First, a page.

I want to hold up Devil May Cry 3 as being another excellent example of cheating in the player’s favor.  The game is rather difficult (particularly in the initial US release, where “normal” difficulty was renamed to “easy” and “hard” became the new “normal”), but despite that, it feels very fair and intuitive, because it bends the rules to help you out.

You’re Dante, the legendary demon hunter, and you’re fighting a swarm of demons.  Naturally, you can’t focus on all of them at once, but you need the ability to react to a monster’s attack before it hits you.  Therefore, all the monsters have big, long animations leading up to their attacks, so you have plenty of warning.  The basic demons slowly lift their scythes over their heads to prepare for a swing; the possessed chess pieces change color and move just before they attack; and so forth.

Demon’s off-camera?  That’s OK; all the monsters also have clear, distinctive audio cues that signal they’re about to attack.  Blood goyles shriek just before they charge; a gong sounds just before death teleports into attack range; Nevan delivers distinctive dialogue before every attack; Beowulf stamps his foot before throwing stone columns at you.

So you know the monster’s coming, but you’re in the middle of doing something else?  Most of your actions are interruptible at a moment’s notice; you can go from firing your guns to swinging your sword (or vice versa) with zero frames of animation between.  Even most attacks that can’t be interrupted for another attack can be interrupted for a dodge move, like a jump or a roll.  There are a few big attacks that leave you vulnerable for a while, but they’re the exception.

So you dodge, but it doesn’t work quite right.  You couldn’t see the attacker, and so dodged the wrong direction, or there wasn’t enough space to roll out of the way, or you were just a little bit too late.  That’s OK; all of the moves designed to help you dodge actually make you secretly invulnerable for the first part of the move.  You can be in the middle of an explosion, and as long as you’re wall-running when it goes off, you’ll escape completely unscathed.

On top of all that, most monsters, while you’re attacking them, get staggered or knocked around, preventing them from counter-attacking.  If things get really tough, you can activate your devil trigger, temporarily increasing your speed, reducing all damage you take, and making it harder for enemies to interrupt you or send you flying.  All the game mechanics are designed to help you out as long as you’re trying to do the right thing, so that when you get hit, it’s usually pretty clear that you could have prevented it, and can do better next time.  That doesn’t mean the game is easy–far from it–but it does an excellent job of satisfying your expectations for what should happen when you press a particular button.

The important point here is recognizing that there’s a difference between how the game plays and how players will perceive it, and we want to make that difference as favorable as possible.  Regardless of how difficult you decide the game should ultimately be, it should look harder than it is, not easier–because players should feel like they’ve overcome a great obstacle when they win.  We should maximize the window in which players feel like they’re in danger of losing, without actually lowering their chances of winning.  When the player tries to do something awesome, it should work, not get foiled by some detail or technicality.  Everything should be arranged to bias the player towards feeling awesome.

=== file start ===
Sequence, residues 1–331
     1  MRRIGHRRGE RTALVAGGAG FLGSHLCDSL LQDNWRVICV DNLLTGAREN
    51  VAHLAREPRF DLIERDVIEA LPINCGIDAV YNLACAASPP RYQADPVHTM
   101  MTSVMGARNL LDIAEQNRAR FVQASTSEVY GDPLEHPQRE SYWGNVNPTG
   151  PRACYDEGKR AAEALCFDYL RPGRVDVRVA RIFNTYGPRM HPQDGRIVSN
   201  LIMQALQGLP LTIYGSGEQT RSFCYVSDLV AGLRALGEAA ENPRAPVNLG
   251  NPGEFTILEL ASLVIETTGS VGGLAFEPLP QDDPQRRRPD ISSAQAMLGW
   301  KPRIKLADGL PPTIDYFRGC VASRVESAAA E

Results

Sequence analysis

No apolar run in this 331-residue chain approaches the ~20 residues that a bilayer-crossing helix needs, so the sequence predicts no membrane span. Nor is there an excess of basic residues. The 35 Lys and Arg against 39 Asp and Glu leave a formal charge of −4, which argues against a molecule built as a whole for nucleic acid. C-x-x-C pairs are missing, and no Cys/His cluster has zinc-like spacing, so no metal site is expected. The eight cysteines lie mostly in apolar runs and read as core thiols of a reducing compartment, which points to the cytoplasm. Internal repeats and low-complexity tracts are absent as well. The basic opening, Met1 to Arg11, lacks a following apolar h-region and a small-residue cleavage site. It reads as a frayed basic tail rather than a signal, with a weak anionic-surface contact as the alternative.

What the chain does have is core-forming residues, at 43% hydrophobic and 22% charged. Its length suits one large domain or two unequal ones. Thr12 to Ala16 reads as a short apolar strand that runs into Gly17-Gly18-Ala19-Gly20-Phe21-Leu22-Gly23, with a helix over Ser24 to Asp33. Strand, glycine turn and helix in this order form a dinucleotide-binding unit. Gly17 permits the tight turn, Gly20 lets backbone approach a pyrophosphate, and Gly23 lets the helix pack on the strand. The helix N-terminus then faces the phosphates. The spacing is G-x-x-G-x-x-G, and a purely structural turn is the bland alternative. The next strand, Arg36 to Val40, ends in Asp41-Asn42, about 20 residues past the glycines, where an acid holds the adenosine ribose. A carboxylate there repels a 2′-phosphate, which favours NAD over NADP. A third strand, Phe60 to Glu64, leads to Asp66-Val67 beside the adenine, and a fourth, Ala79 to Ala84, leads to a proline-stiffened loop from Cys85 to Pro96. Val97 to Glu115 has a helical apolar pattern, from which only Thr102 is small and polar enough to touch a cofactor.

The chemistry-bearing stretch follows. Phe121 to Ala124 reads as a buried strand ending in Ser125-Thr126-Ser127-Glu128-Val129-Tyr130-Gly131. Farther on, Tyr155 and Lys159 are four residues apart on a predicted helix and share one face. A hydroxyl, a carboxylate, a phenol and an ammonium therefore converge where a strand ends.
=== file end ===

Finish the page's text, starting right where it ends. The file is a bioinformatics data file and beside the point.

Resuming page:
This obviously becomes more complicated when two players fight each other, since what benefits one player harms the other.  But you should still bias the game towards the players successfully doing awesome moves and having their tricks and powers work in an escalating exchange, rather than fizzling and flailing and feeling like they can’t do what they intend to do.

Because, really, the point of the game is to be larger than life.  The game’s much more interesting (and actually easier to balance) if people usually succeed at doing interesting things than if they fail for trivial or obscure reasons.

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5 Comments

  1. Jordan (JJ10DMAN) said,

    There’s two major exceptions I take with the article:

    One, cheating is all-too-prevalent in games where computer characters literally are able to perform impossibly well. In the arcade game Hydro Thunder, for example, play any course with only a marginal lead to the pack, and in the final straightaway every character will pass you, without the use of abilities – even ones rated with far lower maximum speed. The game literally makes the computer characters function better than the player character; it feels unfair because hey, it’s a computer; it’s running the show, it could make a perfect, unbeatable racer with instant reaction time, and instead a dumb, uncoordinated yahoo blows past you because the game arbitrarily decided he should go faster.

    Second, for all the fun I got out of Sly Cooper 3, the physics were just terrible. I ended up with a lot of overcompensations, miscalculations, and deaths as a result of the bizarre character physics. One of my biggest beefs with the game was that Sly Cooper wasn’t nearly dexterous or agile enough given how much Murray was the same. I thought at the time it was a big oversight that they didn’t limit Murray more in mobility but make him stronger; the revelation that this was a conscious design decision is a heartbreaking one. I can’t help but think there was a presentation solution versus a mechanic solution (for example, the platforming in general was harder than the combat, making an agile character indeed less sucky – but again, this was mostly a result of the bizarre physics necessitating a more forgiving margin of error).